Peter H. Nielsen. Mr. Nielsen co-founded Bio-Path and has served as Bio-Path’s President, Chief Executive Officer, Chief Financial Officer/Treasurer and Chairman of the Board since 2008. At the time of Bio-Path’s establishment in 2007, Mr. Nielsen licensed technology and targets from The University of Texas, MD Anderson Cancer Center and coordinated preclinical development, optimization and manufacturing of Bio-Path’s lead drug candidate, prexigebersen. Since that time, Mr. Nielsen has led the clinical advancement of prexigebersen into Phase 2 studies, the introduction of additional pipeline candidates and the Company’s public market debut. Prior to co-founding Bio-Path, Mr. Nielsen worked with several other companies, leading turnarounds and developing and executing on strategies for growth. Mr. Nielsen previously served as a director of Synthecon, Inc., a company developing 3D cell culture technology. Before entering the biotechnology sector, Mr. Nielsen was a lieutenant in the U.S. Naval Nuclear Power program where he was director of the physics department and was employed at Ford Motor Company in product development. Mr. Nielsen has a broad background in senior management and has significant negotiating experience. He holds engineering, mathematics and M.B.A. finance degrees from the University of California at Berkeley.

Heath W. Cleaver, CPA. Mr. Cleaver has served as a director of Bio-Path since 2014. Since February 2020, Mr. Cleaver has served as the President and Chief Financial Officer of Compressor Engineering Corporation (“CECO”), a privately-held independent manufacturer of engine and compressor replacement parts. Prior to his current roles, Mr. Cleaver served as Chief Financial Officer of CECO from July 2017 to February 2020. Mr. Cleaver was previously a consultant providing turn-around management and capital raising services to companies in the oil and gas service sector from 2016 to 2017. From 2015 to 2016, Mr. Cleaver served as the Chief Financial Officer of Global Fabrication Services, Inc. In 2014, Mr. Cleaver served as Chief Financial Officer at Tarka Resources, Inc. From 2011 until 2014, Mr. Cleaver served as Chief Financial Officer of Porto Energy Corp. From 2010 until 2011, Mr. Cleaver served as Chief Accounting Officer of Porto Energy Corp. Mr. Cleaver served as Corporate Controller and then as Vice President and Chief Accounting Officer for BPZ Energy from 2006 to 2010. Beginning in 1997 through 2004, Mr. Cleaver served in various accounting roles, including Financial Controller, at Horizon Offshore Contractors, Inc. Mr. Cleaver is a Certified Public Accountant in the state of Texas and holds a Bachelor’s Degree in Business Administration - Accounting from Texas A&M University.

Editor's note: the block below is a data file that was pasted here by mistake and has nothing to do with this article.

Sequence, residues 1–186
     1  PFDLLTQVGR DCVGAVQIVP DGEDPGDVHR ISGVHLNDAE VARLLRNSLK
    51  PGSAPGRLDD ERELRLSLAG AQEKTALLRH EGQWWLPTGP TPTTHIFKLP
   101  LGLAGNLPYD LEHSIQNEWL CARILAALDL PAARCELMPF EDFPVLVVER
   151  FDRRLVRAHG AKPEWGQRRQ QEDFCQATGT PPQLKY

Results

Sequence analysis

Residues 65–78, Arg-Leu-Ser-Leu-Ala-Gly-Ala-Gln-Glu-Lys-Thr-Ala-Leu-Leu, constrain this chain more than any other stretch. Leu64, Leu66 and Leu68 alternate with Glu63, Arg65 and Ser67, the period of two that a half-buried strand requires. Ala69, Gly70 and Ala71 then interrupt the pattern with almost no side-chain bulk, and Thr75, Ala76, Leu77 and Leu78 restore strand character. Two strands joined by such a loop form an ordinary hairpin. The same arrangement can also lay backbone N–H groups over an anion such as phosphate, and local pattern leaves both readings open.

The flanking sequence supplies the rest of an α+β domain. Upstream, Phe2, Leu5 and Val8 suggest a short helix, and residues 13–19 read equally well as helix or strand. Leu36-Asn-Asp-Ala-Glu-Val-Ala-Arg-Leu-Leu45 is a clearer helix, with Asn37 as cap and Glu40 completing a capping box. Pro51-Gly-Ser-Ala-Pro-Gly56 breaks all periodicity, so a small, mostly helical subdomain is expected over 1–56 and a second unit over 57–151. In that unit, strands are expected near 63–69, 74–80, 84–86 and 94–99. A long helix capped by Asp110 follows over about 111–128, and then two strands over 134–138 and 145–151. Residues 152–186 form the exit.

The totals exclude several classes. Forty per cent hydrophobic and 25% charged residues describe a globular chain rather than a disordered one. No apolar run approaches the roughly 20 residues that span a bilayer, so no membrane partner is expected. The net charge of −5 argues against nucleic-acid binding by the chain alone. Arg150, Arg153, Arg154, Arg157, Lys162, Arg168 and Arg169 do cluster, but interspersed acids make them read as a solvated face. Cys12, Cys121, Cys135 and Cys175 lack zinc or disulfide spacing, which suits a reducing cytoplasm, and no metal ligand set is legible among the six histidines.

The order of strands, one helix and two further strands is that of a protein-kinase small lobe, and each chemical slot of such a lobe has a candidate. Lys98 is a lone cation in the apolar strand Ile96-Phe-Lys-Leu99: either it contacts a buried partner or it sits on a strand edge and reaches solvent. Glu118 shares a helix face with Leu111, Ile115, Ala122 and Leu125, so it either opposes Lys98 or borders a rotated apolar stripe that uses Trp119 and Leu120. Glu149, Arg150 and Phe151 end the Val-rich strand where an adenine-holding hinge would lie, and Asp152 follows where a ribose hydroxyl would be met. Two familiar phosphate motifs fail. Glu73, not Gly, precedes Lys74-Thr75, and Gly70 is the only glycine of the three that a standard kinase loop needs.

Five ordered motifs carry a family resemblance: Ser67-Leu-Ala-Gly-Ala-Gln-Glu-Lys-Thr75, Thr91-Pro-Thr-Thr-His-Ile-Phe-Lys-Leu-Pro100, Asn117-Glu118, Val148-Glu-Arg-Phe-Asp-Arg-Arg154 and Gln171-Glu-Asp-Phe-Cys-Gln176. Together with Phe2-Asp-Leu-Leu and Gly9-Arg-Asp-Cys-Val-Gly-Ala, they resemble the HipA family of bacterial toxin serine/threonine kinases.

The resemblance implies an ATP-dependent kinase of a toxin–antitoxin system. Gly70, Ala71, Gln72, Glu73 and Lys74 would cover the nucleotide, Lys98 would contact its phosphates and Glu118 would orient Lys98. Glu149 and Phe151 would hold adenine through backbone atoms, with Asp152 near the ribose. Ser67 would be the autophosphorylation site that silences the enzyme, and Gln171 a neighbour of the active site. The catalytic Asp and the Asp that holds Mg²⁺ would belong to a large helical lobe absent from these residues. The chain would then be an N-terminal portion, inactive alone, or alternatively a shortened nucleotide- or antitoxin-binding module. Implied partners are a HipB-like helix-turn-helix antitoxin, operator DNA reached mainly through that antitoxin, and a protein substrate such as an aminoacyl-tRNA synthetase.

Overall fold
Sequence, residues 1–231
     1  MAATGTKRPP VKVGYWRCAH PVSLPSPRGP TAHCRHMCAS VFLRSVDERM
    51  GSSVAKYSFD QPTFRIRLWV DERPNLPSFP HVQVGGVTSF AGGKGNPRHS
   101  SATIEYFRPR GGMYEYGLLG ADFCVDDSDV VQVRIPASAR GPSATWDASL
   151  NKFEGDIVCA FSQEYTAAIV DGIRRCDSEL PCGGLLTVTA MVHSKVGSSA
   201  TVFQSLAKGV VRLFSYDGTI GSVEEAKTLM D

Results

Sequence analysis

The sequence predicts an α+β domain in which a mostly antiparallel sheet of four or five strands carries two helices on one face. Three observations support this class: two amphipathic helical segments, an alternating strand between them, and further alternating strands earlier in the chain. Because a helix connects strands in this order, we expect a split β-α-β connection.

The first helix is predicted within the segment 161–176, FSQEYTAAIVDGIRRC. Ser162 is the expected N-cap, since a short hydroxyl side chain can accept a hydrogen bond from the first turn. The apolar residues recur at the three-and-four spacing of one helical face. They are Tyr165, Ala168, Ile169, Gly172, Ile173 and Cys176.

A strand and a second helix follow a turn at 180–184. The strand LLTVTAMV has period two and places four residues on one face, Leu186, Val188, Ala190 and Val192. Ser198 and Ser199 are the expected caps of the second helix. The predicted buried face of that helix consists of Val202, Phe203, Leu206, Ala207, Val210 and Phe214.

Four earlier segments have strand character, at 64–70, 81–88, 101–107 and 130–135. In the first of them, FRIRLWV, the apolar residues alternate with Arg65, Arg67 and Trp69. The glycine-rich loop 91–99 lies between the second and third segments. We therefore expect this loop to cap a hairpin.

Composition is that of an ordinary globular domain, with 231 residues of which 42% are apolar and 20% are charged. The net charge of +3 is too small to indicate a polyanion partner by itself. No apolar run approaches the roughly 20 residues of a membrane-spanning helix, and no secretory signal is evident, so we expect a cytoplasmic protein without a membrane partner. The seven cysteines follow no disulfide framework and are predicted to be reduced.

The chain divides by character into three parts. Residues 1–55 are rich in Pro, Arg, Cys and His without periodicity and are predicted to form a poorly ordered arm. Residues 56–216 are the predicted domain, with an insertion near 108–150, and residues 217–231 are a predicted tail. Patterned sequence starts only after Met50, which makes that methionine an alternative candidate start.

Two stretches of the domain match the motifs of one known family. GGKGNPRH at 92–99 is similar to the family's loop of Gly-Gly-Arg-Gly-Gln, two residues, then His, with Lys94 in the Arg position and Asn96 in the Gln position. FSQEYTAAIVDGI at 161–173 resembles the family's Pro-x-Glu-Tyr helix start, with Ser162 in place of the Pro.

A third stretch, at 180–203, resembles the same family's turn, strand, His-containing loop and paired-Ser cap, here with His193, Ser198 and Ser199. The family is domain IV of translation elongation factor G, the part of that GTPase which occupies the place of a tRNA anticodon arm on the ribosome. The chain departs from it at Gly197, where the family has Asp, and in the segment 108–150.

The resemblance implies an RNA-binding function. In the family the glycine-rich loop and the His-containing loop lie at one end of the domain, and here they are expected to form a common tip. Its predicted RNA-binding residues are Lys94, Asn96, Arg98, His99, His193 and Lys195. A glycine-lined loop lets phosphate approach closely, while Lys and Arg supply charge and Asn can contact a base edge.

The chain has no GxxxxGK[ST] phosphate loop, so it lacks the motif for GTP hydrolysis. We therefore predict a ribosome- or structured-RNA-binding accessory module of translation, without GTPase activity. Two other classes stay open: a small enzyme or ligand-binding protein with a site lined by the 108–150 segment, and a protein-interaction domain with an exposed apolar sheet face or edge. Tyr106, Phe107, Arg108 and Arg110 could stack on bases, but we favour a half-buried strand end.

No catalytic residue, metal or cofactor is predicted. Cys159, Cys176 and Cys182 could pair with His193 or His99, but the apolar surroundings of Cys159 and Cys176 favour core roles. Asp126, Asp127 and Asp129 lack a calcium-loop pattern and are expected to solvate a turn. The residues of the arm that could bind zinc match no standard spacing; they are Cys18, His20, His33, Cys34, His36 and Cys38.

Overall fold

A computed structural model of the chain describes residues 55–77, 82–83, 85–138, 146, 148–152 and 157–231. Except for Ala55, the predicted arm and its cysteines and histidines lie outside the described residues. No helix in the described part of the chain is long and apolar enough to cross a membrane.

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Paul D. Aubert. Mr. Aubert was appointed to the Board on February 1, 2018. Mr. Aubert is currently Senior Vice President & General Counsel of Anthem Holdings Company and its subsidiaries, positions he has held since March 2018. From June 2014 to March 2018, he practiced law in a solo law practice and also served as part-time General Counsel to his current employers. From February 2012 through May 2014, Mr. Aubert served as General Counsel of Pernix Therapeutics Holdings, Inc., a Nasdaq-listed specialty pharmaceutical company. Before that, he was a Shareholder in the Corporate and Securities practice group at Winstead PC, a national law firm headquartered in Dallas, Texas, from 2007 to 2012. Mr. Aubert also served as an attorney in the Corporate and Securities practice groups of several national and international law firms prior to joining Winstead in 2004, including at Andrews Kurth LLP from 1999 to 2004, Weil, Gotshal & Manges LLP from 1998 to 1999 and Jones Walker LLP from 1996 to 1998. Mr. Aubert holds a Juris Doctor and an M.B.A. from Tulane University in New Orleans, Louisiana and a B.A. in History from Louisiana State University - Baton Rouge.

Douglas P. Morris. Mr. Morris is a co-founder of Bio-Path and has served as a director of Bio-Path since 2007 and served as an officer from 2007 to June 2014. Mr. Morris also currently serves as the Director of Investor Relations and the Secretary of Bio-Path. Mr. Morris previously served as a co-founder, Managing Member, and Secretary of nCAP Holdings, LLC (nCAP), a privately held technology based company from September 2013 to January 2016. Between 1993 and 2010, Mr. Morris was an officer and director of Celtic Investment, Inc., a financial services company. Mr. Morris owned and operated Hyacinth Resources, LLC (“Hyacinth”), a business-consulting firm, from 1990 until September 2018, and is also a Managing Member of Sycamore Ventures, LLC, a privately held consulting firm. Mr. Morris has a B.A. from Brigham Young University, and attended the University of Southern California Master’s program in public administration.

Board of Directors

Our operations are managed under the broad supervision of the Board, which has ultimate responsibility for the establishment and implementation of our general operating philosophy, objectives, goals and policies. Our Board is currently comprised of two independent directors and two non-independent directors. The Board has determined that current directors Heath W. Cleaver and Paul D. Aubert are “independent” as independence is defined under the listing standards for The Nasdaq Stock Market. The Board based these determinations primarily on a review of the responses our directors provided to questions regarding employment and compensation history, affiliations and family and other relationships.